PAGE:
And finally, we want to start making you aware of the safety aspects of dealing with fiber optics because it is extremely important to understand what it takes to work safely with fiber.

This lesson has two primary aims, to familiarize you with the applications of fiber optics and a bit of its history and to make you aware of the safety aspects (including some of the most famous myths of fiber optics.)


Lesson 2: Fiber Optic Jargon

Objectives: From this lesson you should learn:
The language of fiber optics Systems of measurements used in fiber optics Specialized fiber optic terms The key to understanding any technology is understanding the language of the technology — the jargon.

We’ve started the website and book with an overview of fiber jargon to introduce you to the language of fiber optics and help you understand what you will be reading in the lessons.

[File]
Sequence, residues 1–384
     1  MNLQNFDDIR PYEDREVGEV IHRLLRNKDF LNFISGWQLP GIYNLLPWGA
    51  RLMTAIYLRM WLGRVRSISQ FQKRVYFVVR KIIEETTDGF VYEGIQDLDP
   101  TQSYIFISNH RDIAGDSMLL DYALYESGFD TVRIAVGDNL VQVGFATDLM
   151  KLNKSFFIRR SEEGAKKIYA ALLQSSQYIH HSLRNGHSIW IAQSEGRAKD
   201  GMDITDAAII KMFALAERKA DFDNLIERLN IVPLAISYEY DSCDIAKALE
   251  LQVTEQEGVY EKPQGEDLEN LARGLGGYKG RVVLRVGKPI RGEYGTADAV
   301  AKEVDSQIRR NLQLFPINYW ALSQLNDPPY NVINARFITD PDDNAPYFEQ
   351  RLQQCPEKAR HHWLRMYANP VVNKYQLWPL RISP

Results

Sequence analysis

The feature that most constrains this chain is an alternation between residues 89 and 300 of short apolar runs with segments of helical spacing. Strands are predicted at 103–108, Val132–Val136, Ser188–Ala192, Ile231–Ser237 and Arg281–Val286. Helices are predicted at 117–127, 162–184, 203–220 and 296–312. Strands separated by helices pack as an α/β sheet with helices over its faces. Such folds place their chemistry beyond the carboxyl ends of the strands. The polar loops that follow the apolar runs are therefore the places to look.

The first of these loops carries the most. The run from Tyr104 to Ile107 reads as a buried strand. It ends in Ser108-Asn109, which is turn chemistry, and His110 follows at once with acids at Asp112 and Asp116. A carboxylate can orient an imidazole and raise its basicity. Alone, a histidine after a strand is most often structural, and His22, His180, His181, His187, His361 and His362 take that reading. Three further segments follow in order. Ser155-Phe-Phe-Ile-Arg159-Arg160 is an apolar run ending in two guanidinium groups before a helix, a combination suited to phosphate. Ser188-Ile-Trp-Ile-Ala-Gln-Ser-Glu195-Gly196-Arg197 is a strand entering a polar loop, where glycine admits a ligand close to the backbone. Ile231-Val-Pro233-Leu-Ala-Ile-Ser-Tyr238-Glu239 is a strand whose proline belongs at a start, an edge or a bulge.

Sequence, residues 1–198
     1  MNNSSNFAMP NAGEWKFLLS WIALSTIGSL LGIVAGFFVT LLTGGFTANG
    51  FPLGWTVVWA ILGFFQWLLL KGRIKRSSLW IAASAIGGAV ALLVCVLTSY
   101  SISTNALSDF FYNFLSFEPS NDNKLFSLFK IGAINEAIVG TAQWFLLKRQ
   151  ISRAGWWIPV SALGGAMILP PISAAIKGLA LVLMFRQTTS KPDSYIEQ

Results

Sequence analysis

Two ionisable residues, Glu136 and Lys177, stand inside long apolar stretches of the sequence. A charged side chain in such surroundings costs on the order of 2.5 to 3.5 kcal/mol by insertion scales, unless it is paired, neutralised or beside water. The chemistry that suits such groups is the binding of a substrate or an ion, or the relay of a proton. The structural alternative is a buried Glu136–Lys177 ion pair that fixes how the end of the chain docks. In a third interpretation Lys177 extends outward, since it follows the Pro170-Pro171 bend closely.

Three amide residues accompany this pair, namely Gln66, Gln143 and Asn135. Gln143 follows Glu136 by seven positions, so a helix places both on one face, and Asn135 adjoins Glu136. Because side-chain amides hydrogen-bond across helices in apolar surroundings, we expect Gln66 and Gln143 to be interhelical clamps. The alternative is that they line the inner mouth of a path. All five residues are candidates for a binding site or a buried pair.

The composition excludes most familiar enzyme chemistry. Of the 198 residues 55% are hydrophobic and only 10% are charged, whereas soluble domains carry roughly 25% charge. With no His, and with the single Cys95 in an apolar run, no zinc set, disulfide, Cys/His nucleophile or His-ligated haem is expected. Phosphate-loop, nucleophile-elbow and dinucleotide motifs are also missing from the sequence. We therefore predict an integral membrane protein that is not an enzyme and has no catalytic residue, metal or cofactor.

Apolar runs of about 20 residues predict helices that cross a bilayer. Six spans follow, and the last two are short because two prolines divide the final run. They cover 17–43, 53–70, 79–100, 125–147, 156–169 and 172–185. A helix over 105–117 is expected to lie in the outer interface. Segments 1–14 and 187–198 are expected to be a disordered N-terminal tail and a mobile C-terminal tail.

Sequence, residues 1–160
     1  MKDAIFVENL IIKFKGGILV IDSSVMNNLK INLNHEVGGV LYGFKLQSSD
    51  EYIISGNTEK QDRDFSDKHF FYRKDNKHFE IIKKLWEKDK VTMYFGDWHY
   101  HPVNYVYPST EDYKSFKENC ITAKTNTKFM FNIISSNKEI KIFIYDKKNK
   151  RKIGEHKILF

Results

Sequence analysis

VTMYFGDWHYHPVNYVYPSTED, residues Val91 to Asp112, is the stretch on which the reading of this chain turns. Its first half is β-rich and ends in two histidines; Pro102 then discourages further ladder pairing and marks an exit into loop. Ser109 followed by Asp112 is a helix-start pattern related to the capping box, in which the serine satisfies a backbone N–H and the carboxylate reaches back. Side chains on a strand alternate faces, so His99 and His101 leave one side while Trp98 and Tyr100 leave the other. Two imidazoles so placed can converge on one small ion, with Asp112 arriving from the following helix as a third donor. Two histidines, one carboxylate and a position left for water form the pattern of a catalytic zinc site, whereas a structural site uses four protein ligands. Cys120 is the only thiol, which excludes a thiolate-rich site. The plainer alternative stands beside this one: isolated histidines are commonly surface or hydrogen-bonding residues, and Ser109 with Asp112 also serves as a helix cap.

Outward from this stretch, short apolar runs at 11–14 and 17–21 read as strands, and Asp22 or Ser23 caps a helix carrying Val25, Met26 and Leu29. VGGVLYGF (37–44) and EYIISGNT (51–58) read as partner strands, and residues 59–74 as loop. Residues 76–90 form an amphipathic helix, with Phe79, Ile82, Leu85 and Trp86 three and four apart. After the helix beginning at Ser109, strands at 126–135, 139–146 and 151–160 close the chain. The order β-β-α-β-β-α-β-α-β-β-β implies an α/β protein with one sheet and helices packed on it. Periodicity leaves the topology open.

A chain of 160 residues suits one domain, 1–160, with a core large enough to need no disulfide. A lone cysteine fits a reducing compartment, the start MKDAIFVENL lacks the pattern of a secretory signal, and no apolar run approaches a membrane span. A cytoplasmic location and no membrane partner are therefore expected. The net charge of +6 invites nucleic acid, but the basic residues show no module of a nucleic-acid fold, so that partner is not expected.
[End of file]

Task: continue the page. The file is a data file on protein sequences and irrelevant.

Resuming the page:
We suggest you read this section first to help


Lesson 3: Fiber Optic Communications

Objectives: From this lesson you should learn:
The advantages of optical fiber as a communications medium How optical fiber is used in communications systems Other uses for fiber optics Why use fiber? Fiber has become the communications medium of choice for telephones, cell phones, CATV, LAN backbones, security cameras, industrial networks, just about every kind of communications – now even all the way to the home.

In this lesson, you will learn why fiber is the medium of choice for most communications networks and how many of those networks use fiber.


Lesson 4: Fiber Optic Transmission Systems And Components

From this lesson you should learn: How fiber optic data links and transmission systems work What components are used in transceivers Types of sources and detectors used in transceivers Performance parameters of fiber optic transmission systems Fiber optic transmission systems use datalinks that consists of a transmitter on one end of a fiber and a receiver on the other end.